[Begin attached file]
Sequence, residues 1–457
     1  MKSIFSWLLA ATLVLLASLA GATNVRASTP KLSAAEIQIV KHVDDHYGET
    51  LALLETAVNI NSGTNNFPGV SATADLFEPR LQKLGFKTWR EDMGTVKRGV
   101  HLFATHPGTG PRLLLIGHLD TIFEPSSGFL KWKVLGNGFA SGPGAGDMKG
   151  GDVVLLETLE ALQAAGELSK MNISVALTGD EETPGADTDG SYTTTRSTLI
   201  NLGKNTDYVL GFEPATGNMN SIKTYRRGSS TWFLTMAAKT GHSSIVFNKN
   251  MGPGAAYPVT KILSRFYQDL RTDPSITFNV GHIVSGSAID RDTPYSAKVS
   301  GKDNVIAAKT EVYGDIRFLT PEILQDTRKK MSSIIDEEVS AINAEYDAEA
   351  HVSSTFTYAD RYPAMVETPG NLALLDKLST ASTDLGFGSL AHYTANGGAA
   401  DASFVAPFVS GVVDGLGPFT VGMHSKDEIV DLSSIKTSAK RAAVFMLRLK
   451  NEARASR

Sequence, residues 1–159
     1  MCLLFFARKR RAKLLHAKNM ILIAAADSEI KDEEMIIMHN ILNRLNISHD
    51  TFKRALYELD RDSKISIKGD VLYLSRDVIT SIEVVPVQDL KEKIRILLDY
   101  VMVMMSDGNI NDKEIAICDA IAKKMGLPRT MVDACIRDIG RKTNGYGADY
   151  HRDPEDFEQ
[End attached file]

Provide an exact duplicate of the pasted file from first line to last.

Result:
Sequence, residues 1–457
     1  MKSIFSWLLA ATLVLLASLA GATNVRASTP KLSAAEIQIV KHVDDHYGET
    51  LALLETAVNI NSGTNNFPGV SATADLFEPR LQKLGFKTWR EDMGTVKRGV
   101  HLFATHPGTG PRLLLIGHLD TIFEPSSGFL KWKVLGNGFA SGPGAGDMKG
   151  GDVVLLETLE ALQAAGELSK MNISVALTGD EETPGADTDG SYTTTRSTLI
   201  NLGKNTDYVL GFEPATGNMN SIKTYRRGSS TWFLTMAAKT GHSSIVFNKN
   251  MGPGAAYPVT KILSRFYQDL RTDPSITFNV GHIVSGSAID RDTPYSAKVS
   301  GKDNVIAAKT EVYGDIRFLT PEILQDTRKK MSSIIDEEVS AINAEYDAEA
   351  HVSSTFTYAD RYPAMVETPG NLALLDKLST ASTDLGFGSL AHYTANGGAA
   401  DASFVAPFVS GVVDGLGPFT VGMHSKDEIV DLSSIKTSAK RAAVFMLRLK
   451  NEARASR

Sequence, residues 1–159
     1  MCLLFFARKR RAKLLHAKNM ILIAAADSEI KDEEMIIMHN ILNRLNISHD
    51  TFKRALYELD RDSKISIKGD VLYLSRDVIT SIEVVPVQDL KEKIRILLDY
   101  VMVMMSDGNI NDKEIAICDA IAKKMGLPRT MVDACIRDIG RKTNGYGADY
   151  HRDPEDFEQ